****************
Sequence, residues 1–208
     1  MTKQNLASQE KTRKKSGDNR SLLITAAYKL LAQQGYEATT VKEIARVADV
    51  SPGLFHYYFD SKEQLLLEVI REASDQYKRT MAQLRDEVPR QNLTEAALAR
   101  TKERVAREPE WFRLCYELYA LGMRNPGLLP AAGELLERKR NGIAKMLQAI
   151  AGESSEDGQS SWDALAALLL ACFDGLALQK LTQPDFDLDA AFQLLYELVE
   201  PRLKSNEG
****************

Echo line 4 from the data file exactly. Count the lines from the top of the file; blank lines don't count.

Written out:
   101  TKERVAREPE WFRLCYELYA LGMRNPGLLP AAGELLERKR NGIAKMLQAI